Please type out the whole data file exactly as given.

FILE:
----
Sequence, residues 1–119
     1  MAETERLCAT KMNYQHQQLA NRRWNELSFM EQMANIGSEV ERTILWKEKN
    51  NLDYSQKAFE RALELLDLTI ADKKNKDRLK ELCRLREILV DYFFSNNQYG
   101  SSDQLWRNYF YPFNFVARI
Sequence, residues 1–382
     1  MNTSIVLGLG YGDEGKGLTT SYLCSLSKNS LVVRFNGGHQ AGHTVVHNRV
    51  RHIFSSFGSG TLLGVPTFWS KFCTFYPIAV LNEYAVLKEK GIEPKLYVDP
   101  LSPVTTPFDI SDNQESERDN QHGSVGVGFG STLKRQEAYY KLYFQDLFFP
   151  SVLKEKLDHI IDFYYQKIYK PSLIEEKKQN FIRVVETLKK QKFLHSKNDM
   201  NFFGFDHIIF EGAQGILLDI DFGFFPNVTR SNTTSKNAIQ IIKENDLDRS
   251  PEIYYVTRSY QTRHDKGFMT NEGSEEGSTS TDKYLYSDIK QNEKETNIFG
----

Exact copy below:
Sequence, residues 1–119
     1  MAETERLCAT KMNYQHQQLA NRRWNELSFM EQMANIGSEV ERTILWKEKN
    51  NLDYSQKAFE RALELLDLTI ADKKNKDRLK ELCRLREILV DYFFSNNQYG
   101  SSDQLWRNYF YPFNFVARI
Sequence, residues 1–382
     1  MNTSIVLGLG YGDEGKGLTT SYLCSLSKNS LVVRFNGGHQ AGHTVVHNRV
    51  RHIFSSFGSG TLLGVPTFWS KFCTFYPIAV LNEYAVLKEK GIEPKLYVDP
   101  LSPVTTPFDI SDNQESERDN QHGSVGVGFG STLKRQEAYY KLYFQDLFFP
   151  SVLKEKLDHI IDFYYQKIYK PSLIEEKKQN FIRVVETLKK QKFLHSKNDM
   201  NFFGFDHIIF EGAQGILLDI DFGFFPNVTR SNTTSKNAIQ IIKENDLDRS
   251  PEIYYVTRSY QTRHDKGFMT NEGSEEGSTS TDKYLYSDIK QNEKETNIFG